Women with early-stage cervical cancer may experience changes in their quality of life (QoL) due to treatment or to the effects of the cancer. In this study, we examined differences in QoL by treatment modality between women who underwent surgery only and those treated with concurrent chemoradiation (CCRT).
The sample of 290 women had been diagnosed with stage I–II cervical cancer. Data were collected on these women’s demographic and disease characteristics, general QoL, and cancer-specific QoL using an author-designed demographic-disease survey, the European Organization for Research and Treatment of Cancer QoL questionnaire, and the Taiwanese-version Cervical Cancer Module 24 questionnaire, respectively. Data were analyzed by descriptive statistics and analysis of covariance.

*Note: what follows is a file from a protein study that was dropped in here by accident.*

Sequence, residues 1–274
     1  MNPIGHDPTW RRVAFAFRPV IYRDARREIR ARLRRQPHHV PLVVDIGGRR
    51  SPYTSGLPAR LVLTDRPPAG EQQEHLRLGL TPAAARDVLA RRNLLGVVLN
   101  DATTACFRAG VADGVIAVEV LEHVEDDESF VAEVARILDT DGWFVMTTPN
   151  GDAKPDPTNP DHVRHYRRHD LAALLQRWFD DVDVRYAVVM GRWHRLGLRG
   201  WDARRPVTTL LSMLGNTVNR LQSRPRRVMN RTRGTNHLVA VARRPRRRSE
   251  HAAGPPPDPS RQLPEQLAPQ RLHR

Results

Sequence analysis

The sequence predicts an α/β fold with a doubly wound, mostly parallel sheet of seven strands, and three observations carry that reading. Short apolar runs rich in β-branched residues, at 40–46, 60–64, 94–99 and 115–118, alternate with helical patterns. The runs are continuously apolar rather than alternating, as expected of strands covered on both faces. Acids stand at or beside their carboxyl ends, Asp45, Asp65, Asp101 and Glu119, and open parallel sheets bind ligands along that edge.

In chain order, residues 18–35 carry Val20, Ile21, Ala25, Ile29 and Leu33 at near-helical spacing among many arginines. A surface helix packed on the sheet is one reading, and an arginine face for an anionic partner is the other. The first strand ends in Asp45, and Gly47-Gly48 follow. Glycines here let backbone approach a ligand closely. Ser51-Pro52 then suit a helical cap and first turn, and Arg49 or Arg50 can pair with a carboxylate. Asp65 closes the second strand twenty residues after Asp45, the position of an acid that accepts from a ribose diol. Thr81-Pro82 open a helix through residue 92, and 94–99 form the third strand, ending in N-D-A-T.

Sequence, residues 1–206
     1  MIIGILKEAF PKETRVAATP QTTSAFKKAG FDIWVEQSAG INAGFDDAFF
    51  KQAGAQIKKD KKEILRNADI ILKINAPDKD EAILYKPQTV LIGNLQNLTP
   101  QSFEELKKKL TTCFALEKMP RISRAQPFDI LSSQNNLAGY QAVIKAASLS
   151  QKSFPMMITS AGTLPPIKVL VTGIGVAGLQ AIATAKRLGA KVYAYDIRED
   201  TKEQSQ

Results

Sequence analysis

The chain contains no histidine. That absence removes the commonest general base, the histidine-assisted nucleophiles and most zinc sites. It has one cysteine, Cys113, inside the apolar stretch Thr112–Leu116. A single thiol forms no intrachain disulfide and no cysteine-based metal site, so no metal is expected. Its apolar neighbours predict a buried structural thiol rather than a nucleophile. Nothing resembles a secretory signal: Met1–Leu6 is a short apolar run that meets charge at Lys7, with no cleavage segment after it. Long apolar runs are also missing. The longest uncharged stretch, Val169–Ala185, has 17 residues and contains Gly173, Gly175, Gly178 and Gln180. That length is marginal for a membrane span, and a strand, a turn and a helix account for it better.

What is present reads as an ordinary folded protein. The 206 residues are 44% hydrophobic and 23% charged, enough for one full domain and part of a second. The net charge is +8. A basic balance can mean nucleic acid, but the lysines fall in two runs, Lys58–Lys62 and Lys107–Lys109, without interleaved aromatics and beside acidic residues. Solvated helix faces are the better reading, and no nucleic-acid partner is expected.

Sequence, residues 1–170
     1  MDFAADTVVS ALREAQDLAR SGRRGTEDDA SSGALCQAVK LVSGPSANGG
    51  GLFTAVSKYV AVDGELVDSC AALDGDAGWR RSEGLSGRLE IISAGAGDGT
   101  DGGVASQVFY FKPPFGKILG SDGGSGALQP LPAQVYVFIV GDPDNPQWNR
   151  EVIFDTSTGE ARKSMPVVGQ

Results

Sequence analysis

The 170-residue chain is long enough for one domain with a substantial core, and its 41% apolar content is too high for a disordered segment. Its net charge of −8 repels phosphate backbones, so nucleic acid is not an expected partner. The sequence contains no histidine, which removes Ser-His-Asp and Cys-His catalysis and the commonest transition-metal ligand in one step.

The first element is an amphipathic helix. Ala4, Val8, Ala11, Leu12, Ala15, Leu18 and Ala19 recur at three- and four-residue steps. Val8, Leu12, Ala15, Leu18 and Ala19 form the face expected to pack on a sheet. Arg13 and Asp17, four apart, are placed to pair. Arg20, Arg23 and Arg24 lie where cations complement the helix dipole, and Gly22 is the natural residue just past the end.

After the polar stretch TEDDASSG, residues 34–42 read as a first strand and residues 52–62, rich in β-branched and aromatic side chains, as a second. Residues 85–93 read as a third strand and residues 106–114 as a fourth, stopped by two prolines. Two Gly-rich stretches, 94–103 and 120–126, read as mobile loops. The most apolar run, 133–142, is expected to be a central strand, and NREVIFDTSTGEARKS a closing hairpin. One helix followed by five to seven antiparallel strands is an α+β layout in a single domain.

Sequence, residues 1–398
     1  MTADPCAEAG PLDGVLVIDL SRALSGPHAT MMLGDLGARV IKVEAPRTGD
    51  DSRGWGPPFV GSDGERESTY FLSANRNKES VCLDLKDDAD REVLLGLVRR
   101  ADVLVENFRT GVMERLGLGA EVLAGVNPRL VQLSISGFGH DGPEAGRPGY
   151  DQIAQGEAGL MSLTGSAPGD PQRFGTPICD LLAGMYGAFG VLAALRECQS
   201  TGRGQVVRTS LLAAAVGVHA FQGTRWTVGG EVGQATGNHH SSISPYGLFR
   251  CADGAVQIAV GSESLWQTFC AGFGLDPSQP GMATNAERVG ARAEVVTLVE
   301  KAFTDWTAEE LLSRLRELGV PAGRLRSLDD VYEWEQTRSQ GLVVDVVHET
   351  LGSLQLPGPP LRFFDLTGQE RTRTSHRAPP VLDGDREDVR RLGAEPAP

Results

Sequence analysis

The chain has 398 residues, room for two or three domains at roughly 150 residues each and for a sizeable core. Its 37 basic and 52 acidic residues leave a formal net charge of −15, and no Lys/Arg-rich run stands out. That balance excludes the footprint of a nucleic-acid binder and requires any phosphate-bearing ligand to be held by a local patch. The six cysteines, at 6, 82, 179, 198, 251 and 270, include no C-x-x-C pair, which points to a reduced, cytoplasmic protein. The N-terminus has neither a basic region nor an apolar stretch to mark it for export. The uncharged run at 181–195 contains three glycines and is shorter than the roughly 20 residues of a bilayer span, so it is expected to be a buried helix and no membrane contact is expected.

Women with cervical cancer who underwent surgery only had significantly worse constipation and body image than those treated with CCRT. Women who underwent CCRT had worse physical and role functioning than those who underwent surgery only. Women who had CCRT also reported worse symptoms, such as fatigue, appetite loss, diarrhea, financial difficulties, sexual enjoyment, and sexual/vaginal functioning, than those who had only surgery.
Our results add knowledge about QoL in women with early-stage cervical cancer who receive different treatment modalities. When suggesting treatment modalities for women with cervical cancer, health professionals should also consider changes in women’s QoL after cancer treatment. To improve women’s QoL after treatment, professionals should also offer timely and individualized interventions based on women’s cervical cancer treatment.